Article relevant to the tax year 2017/18
How can buy-to-let property investors remain tax-efficient during 2018, and what pitfalls are coming up for them?
As a leading property tax expert, I take a significant interest in the developments in the property investment sector for my landlord clients. Many of my buy-to-let property investors look to me and my team of property tax accountants to ensure that their portfolios remain as tax-efficient as possible.
I’ve noticed in the last financial quarter that a lot of property investor clients appear to be looking to invest in Limited Companies as vehicles for growing their property businesses – this remains a sound idea.
Whilst reviewing industry news yesterday, I noted an article discussing how sales from buy-to-let landlords looking to reduce their portfolios would be swelling the Treasury coffers, with billions of pounds being hands over in Capital Gains Tax (CGT) payments. Receipts are expected to rise by 5% to £8.8bn in the current 2017/18 tax year, and surging on to hit £10bn in the next tax year. We discussed how many landlords could avoid paying CGT when they sell a property investment in a previous article.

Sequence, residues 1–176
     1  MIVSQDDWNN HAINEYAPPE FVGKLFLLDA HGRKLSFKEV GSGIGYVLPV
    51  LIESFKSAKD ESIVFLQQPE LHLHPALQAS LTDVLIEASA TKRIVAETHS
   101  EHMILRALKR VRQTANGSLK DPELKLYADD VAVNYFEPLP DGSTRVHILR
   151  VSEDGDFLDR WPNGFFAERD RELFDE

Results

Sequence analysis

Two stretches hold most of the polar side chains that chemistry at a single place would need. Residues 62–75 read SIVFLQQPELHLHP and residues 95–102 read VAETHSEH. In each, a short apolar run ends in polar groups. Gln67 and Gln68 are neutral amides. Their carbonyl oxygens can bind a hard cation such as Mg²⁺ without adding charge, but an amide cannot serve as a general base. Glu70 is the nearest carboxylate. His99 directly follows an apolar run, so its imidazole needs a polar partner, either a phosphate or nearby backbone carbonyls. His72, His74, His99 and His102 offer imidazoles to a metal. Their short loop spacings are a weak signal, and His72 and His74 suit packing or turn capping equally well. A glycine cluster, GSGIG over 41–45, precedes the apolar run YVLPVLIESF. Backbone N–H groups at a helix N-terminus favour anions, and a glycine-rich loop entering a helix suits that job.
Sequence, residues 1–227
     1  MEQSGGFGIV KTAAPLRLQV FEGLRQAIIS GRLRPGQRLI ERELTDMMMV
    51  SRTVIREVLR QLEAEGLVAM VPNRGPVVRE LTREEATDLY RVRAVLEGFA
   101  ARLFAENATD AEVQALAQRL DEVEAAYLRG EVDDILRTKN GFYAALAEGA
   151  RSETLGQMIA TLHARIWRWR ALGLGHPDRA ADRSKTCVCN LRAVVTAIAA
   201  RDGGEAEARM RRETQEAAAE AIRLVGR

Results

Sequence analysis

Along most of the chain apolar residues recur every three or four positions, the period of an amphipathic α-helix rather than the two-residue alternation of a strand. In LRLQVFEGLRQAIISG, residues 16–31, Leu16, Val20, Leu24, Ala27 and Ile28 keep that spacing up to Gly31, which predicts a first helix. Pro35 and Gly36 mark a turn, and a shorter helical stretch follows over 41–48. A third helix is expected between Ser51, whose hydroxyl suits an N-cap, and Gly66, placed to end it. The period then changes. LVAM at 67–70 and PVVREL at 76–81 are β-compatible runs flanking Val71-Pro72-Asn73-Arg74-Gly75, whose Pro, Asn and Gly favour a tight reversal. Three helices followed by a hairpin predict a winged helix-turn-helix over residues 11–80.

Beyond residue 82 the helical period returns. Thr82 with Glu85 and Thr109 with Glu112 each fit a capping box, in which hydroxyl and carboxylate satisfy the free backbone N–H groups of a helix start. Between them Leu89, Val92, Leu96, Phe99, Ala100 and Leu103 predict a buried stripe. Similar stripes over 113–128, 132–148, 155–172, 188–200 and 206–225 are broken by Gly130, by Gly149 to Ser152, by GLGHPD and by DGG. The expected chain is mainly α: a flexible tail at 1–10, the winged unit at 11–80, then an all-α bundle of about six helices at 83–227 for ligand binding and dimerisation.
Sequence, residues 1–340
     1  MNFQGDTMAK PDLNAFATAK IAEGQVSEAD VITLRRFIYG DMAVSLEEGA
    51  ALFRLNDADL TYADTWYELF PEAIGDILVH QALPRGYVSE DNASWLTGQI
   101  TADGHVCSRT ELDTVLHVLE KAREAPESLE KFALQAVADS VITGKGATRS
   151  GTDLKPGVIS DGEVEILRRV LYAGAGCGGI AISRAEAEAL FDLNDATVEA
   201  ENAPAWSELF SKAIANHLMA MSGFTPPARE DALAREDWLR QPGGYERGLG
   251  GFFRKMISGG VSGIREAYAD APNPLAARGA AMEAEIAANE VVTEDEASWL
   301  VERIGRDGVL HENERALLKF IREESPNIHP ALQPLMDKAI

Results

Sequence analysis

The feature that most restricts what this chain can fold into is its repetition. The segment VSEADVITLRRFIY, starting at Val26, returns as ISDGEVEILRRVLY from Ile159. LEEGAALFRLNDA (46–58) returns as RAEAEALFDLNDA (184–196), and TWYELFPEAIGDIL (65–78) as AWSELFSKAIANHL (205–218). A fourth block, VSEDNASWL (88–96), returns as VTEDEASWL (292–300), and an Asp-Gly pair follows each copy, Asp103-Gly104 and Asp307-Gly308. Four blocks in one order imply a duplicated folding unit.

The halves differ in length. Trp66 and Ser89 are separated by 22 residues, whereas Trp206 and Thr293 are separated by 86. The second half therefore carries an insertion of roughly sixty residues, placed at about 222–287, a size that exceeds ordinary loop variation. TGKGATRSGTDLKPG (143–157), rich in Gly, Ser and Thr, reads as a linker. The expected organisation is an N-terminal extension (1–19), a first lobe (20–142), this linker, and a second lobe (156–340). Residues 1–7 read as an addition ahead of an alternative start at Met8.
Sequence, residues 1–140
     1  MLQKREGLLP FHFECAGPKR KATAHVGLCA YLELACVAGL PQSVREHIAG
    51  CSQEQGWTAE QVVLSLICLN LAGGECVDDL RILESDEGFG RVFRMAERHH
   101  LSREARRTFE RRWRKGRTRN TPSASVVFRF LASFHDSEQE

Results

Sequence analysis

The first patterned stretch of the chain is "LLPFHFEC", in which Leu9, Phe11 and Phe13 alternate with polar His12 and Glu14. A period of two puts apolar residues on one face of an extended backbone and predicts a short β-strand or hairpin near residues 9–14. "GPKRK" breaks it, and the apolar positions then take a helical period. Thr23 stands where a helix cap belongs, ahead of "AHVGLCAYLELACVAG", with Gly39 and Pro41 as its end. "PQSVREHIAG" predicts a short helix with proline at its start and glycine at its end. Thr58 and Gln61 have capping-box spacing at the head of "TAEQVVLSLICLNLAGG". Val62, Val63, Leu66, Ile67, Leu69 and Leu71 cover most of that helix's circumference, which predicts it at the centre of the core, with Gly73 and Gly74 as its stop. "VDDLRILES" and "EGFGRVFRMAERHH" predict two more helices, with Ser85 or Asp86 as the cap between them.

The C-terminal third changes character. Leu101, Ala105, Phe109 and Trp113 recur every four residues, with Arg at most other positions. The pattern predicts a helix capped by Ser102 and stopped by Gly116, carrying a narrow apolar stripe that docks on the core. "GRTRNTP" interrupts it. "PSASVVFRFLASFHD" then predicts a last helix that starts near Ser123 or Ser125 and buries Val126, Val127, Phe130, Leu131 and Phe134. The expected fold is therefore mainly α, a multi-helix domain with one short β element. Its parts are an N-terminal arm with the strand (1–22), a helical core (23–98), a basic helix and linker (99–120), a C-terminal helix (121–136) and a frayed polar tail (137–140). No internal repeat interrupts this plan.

Whilst many landlords have left the buy-to-let market in light of recent tax changes such as Section 24, mortgage interest relief cap that we discussed in another article, others have sold properties to stabilise values before any potential drops, especially in certain parts of London.
With many property investors recently filing their annual tax returns, many of my clients are acutely aware that CGT can be a liability.
Some of my clients are working in partnership with their spouse to reduce their combined tax bills, taking full advantage of each individual’s CGT allowance of £11,300 by transferring properties between them. This may be done using a deed of trust, which we at Optimise Accountants charge just £199.95. See our other article on deeds of trust in another article.
Download our tax-efficient property investment guide for 2018 here
I advise speaking to a tax accountant beforehand, however, as transferring property between spouses could trigger a stamp duty charge.
Our team of property tax experts are on hand to best advise our property investment clients on how to reduce their tax liabilities and keep their property portfolios as tax-efficient as possible in 2018.
I’ve written a number of relevant articles which would make excellent additional reading, such as:
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